IMF Survey: Latvia Caught in Vicious Economic Downturn
May 28, 2009
- Latvia hit particularly hard by global economic crisis
- Difficult policy choices driven by widening budget deficit and euro adoption goal
- Further budget cuts needed but essential social spending should be protected
Latvia is in a deep recession, with the economy projected to contract this year by more than 15 percent. Plunging revenues are opening up a wide fiscal gap, which the new government is trying to plug.
global financial crisis
Back in December last year, the European Union (EU), the IMF, the World Bank, and the Nordic countries backed Latvia’s adjustment policies with financing worth €7.5 billion ($10.5 billion). The IMF’s share of this aid package is €1.7 billion ($2.4 billion), while the EU has offered €3.1 billion ($4.3 billion) in support.
But some of that financing, including from the IMF, has been delayed because of the fall of the previous government, and the formation in March 2009 of a new five-party coalition government led by Valdis Dombrovskis. The EU’s Economic and Monetary Affairs Commissioner Joaquin Almunia said May 6 that the EU would like to see more progress on budget and structural reforms before it releases the second tranche of its aid program, worth about €1 billion. The IMF, for its part, is working to complete the first review of its program. A mission is currently in Riga, working closely with the European Commission and other international partners. Completion of this review will release another tranche of financing from the IMF worth €200 million.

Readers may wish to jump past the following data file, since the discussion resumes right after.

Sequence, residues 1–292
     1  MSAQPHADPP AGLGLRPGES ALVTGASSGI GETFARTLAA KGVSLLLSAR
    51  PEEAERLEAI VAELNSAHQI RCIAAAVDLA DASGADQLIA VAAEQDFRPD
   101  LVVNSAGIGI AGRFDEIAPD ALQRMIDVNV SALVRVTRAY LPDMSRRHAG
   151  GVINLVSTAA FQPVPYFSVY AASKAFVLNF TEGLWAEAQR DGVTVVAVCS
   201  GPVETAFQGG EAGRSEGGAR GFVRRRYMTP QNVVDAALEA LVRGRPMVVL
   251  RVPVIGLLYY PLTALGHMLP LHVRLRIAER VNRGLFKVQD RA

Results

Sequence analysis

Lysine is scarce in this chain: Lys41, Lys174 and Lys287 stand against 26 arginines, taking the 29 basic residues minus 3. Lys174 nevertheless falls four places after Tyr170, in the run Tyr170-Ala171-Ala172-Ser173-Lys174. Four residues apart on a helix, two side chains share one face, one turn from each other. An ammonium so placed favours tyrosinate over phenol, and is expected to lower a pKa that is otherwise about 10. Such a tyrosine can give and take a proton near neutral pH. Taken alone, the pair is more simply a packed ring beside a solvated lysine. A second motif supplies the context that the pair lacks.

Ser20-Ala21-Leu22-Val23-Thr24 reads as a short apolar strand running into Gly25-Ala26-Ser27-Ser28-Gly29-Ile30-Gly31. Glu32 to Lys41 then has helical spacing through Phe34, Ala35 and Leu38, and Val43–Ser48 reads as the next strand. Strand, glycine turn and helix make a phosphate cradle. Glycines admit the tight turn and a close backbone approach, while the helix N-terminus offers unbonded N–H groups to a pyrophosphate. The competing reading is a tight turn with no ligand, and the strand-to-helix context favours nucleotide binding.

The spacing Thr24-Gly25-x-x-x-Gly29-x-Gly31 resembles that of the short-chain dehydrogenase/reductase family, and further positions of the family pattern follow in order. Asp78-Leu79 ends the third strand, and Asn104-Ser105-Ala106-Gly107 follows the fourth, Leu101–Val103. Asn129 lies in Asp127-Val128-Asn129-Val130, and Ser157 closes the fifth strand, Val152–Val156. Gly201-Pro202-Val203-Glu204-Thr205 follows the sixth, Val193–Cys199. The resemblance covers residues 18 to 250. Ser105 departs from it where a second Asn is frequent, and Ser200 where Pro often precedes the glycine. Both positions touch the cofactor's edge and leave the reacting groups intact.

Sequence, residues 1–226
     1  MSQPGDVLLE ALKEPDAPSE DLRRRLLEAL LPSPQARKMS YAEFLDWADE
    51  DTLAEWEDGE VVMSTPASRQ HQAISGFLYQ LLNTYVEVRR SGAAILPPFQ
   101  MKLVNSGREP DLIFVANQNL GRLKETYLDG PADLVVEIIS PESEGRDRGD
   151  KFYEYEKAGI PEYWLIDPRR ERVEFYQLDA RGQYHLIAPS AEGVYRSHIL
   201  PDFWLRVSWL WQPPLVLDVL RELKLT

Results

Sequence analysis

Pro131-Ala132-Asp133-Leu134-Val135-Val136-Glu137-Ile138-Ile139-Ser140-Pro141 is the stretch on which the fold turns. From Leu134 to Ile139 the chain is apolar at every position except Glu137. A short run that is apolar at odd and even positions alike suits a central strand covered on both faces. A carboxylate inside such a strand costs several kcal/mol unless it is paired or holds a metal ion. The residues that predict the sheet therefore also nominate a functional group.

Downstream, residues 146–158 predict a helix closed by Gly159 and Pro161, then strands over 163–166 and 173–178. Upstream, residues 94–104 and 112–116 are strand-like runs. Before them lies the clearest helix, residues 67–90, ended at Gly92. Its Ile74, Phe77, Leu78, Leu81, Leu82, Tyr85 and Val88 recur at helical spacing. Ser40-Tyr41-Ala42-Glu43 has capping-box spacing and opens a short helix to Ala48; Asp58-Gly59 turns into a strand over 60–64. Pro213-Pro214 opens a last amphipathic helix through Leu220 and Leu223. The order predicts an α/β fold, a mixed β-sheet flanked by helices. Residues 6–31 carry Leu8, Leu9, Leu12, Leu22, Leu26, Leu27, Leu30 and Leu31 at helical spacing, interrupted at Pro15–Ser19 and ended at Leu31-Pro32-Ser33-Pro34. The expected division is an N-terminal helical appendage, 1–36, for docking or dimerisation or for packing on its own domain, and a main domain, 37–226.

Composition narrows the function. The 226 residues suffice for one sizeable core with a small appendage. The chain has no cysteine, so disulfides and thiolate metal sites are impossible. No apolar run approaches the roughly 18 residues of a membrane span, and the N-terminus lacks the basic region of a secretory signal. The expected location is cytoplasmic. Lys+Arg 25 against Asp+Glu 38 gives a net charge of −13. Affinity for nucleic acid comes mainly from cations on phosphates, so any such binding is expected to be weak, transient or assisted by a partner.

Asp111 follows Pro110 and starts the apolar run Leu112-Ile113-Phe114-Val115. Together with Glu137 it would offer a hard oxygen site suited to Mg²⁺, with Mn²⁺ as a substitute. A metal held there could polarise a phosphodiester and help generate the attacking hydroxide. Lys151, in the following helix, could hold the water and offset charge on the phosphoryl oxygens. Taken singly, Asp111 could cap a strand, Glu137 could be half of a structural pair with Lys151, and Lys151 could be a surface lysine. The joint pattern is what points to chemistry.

In this interview, the IMF’s new mission chief for Latvia, Mark Griffiths, and Christoph Rosenberg, an advisor in the IMF’s European Department who coordinates the IMF’s work on the three Baltic Republics, talk about the huge challenges that face Latvia today. The government, which is firmly committed to adopting the euro by 2012, is contemplating deep spending cuts to address its ballooning budget deficit and ensure that it can meet the Maastricht criteria for joining the EU’s monetary union.
IMF Survey online: Latvia has been hit particularly hard by the global economic crisis. Why did its economy prove to be so vulnerable?
Rosenberg: In the years that followed Latvia’s acceptance into the EU, the economy experienced a huge boom, with growth rates above 10 percent of GDP. But during this time, large imbalances were building. In fact, the country had been on the IMF’s radar screen for a long time. As far back as 2005, we warned publicly that the economy was in danger of overheating.
Continued strong credit growth, with bank credit to the private sector reaching 95 percent of GDP last year, double-digit current account deficits, peaking at 25 percent of GDP in 2007, and a large buildup of private external debt amounting to about 130 percent of GDP, made Latvia extremely vulnerable to the credit crunch. When the global crisis erupted last year, resulting in a sudden stop of the capital inflows that had financed the boom, these vulnerabilities created a perfect storm.
Griffiths: Another factor that increased Latvia’s vulnerability were imbalances in its large domestic banking system, with one bank in particular—Parex Bank—very exposed to a sudden outflow of nonresident deposits.